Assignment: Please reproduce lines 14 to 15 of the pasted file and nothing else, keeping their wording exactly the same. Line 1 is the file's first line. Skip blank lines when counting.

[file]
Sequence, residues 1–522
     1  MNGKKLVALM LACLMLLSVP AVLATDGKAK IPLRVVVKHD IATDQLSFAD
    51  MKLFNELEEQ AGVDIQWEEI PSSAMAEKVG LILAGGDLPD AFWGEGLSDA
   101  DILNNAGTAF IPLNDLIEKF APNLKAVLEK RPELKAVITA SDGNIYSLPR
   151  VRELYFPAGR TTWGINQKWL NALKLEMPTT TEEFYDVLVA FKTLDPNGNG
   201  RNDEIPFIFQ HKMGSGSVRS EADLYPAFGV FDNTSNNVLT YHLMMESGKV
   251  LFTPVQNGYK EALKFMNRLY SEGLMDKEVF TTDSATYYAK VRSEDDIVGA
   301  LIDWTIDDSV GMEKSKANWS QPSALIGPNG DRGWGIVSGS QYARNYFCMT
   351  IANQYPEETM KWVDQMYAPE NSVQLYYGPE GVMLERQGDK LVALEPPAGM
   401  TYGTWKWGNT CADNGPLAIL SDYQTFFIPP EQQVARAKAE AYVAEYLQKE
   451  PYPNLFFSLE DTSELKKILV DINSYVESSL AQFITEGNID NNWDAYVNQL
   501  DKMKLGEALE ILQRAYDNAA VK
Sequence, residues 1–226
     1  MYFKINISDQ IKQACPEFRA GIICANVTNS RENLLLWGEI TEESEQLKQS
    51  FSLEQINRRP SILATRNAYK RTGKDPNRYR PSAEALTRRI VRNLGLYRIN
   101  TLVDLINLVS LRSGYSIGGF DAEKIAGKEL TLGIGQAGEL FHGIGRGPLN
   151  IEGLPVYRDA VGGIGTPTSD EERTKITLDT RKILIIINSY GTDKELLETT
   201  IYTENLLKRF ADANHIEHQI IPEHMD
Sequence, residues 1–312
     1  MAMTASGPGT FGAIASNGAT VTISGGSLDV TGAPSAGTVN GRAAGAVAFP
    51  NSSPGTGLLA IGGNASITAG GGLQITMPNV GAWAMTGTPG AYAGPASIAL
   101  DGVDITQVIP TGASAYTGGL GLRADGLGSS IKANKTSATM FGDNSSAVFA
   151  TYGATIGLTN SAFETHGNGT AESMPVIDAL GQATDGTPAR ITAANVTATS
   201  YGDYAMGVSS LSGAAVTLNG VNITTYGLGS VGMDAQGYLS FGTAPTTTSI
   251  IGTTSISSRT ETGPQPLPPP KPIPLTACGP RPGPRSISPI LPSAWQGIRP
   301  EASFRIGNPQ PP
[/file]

     1  MYFKINISDQ IKQACPEFRA GIICANVTNS RENLLLWGEI TEESEQLKQS
    51  FSLEQINRRP SILATRNAYK RTGKDPNRYR PSAEALTRRI VRNLGLYRIN